Car Buyer Labs

Car Buying Advice, Tips, and Reviews

A couple is getting out of a silver 2021 Chevy Corvette Stingray that is parked on a ferry and shown from the front.

Sleek Performance from Past to Present: The Chevrolet Corvette Stingray

Speed, performance, power, and agility all come together in the eighth generation 2021 Chevrolet Corvette Stingray. Despite its humble beginnings in the early 1950s as a way for Chevrolet to generate more sales during a slump, the Corvette has evolved into one of the most iconic vehicles ever made. So, what makes the Corvette so powerful, so agile, and so incredibly special? You can see the Corvette’s beauty and experience its power in person at your local Chevrolet car dealership, but to fully appreciate the model, it’s important to learn about its history and how much it’s evolved over the last six decades.

The 1950s: The Corvette Is Born

Chevrolet experienced a dramatic slump in sales in the early 1950s, which is what inspired the manufacturer to design a sports car with the hopes of attracting new buyers. Dubbed “Project Opel” and inspired by European sports cars, the first-generation Corvette came to life with a fiberglass body complete with a 3.9-liter six-cylinder engine and a 2-speed automatic transmission under the hood. Chevrolet revealed the design at the 1953 Motorama show in New York City, where its unique fiberglass construction instantly caught the public’s imagination.

However, the original Corvette was somewhat underpowered, and its fate remained in question until 1955 when Chevrolet replaced the 3.9-liter I6 engine with a 4.3-liter V8 capable of delivering 195 horsepower when paired with the 3-speed manual transmission. This finally put the Corvette on the map and inspired Chevrolet to make several redesigns over the next few years, all of which were well-received, especially when Chevrolet boosted the engine to a 4.6-liter V8 in 1957. With the Corvette producing 290 horsepower, a star was born among sports car enthusiasts.

An Icon on the Road: America’s Sports Car Builds Its Reputation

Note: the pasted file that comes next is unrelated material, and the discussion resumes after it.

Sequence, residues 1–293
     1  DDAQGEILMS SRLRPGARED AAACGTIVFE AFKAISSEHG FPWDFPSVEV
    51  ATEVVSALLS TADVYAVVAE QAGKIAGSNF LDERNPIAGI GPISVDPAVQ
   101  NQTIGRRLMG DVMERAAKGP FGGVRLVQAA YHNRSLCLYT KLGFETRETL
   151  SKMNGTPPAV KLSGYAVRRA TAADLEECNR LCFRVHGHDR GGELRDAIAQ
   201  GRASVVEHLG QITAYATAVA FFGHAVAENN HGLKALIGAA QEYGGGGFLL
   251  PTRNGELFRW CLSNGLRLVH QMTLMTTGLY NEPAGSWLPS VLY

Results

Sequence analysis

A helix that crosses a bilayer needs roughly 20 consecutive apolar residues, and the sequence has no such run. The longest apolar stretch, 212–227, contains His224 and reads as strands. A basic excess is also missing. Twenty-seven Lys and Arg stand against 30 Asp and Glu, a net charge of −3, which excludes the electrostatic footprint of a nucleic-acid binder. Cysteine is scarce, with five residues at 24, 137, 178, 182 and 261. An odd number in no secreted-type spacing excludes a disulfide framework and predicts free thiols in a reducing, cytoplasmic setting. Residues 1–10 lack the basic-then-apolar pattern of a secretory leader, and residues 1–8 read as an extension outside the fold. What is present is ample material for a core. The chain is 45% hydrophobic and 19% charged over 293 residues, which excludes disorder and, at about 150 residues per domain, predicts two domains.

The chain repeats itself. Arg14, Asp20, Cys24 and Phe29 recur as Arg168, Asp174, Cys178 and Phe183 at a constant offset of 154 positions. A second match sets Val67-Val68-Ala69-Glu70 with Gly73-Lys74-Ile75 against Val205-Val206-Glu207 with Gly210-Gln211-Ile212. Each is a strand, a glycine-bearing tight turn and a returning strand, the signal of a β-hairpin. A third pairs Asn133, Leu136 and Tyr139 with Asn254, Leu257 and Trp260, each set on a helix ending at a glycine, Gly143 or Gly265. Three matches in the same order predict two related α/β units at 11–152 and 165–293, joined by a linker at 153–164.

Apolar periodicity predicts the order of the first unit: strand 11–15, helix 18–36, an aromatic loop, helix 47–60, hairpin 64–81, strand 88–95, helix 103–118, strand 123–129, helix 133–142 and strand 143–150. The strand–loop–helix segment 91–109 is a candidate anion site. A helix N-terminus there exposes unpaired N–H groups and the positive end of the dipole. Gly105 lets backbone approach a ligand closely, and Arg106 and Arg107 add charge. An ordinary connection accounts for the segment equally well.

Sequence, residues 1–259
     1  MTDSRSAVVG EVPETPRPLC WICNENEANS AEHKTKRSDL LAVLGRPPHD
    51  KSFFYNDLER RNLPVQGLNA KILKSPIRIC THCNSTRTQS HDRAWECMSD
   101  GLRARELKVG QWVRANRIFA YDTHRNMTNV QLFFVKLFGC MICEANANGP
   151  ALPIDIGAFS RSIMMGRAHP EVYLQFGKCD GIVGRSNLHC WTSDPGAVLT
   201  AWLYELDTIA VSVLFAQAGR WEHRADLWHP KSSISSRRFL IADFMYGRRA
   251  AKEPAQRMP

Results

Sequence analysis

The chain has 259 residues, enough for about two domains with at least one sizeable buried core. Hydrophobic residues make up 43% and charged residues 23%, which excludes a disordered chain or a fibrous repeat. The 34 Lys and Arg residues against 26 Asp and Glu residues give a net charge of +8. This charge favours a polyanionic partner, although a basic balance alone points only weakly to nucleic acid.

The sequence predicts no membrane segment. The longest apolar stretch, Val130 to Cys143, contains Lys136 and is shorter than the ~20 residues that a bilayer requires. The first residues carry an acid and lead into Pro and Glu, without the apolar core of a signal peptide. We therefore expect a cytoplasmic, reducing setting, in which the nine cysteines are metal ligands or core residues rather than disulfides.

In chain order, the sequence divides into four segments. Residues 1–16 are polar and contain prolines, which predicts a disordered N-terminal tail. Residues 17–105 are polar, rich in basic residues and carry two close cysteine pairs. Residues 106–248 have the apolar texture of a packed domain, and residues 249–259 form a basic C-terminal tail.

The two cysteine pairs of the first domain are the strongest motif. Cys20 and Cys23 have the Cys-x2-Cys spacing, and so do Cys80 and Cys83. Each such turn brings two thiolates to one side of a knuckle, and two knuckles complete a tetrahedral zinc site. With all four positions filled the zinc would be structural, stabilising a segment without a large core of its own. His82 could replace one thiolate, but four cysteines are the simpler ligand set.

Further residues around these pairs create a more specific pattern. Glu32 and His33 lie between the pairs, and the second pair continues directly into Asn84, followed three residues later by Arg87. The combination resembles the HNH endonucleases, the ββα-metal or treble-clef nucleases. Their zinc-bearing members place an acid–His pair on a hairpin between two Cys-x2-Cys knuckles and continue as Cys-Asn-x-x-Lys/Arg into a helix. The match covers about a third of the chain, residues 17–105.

A closeup shows the steering wheel and infotainment screen in a 2021 Chevy Corvette Stingray with a red interior at a local car dealership.

By the 1960s, the Corvette delivered an impressive 360 horsepower and featured its iconic taillight design. The second generation, which introduced both the Stingray name and the Z06 trim, debuted in 1963. The engine received another upgrade to the 6.5-liter in 1965, and, for the first time in Corvette history, it delivered over 400 horsepower. This was only the beginning as Chevrolet released several upgrades over the next few years before debuting the C3 or third-generation Corvette in 1968.

The third-generation Corvette was in production until 1982 and featured minor aesthetic redesigns and upgrades throughout its 15-year lifespan. Two of the most notable changes came in 1973 and 1978. Chevrolet redesigned the front bumper to better withstand collisions in 1973 and turned its attention to the rear in 1978 by debuting a new fastback rear bumper. Unfortunately, power from the Corvette declined during this period, but this had little impact on sales thanks to Corvette’s loyal fans and drivers.

Chevrolet returned to the drawing board in the early 1980s and redesigned the Corvette for its fourth-generation debut in 1984. Over the next 13 years, the C4 continued to improve, with Chevrolet reintroducing the convertible top in the lineup in 1986. During this time, Chevrolet released the highly anticipated ZR-1 in 1990. The ZR-1 was a special production and featured a 5.7-liter V8 engine and 6-speed manual transmission capable of going 0 to 60 mph in less than 4.5 seconds.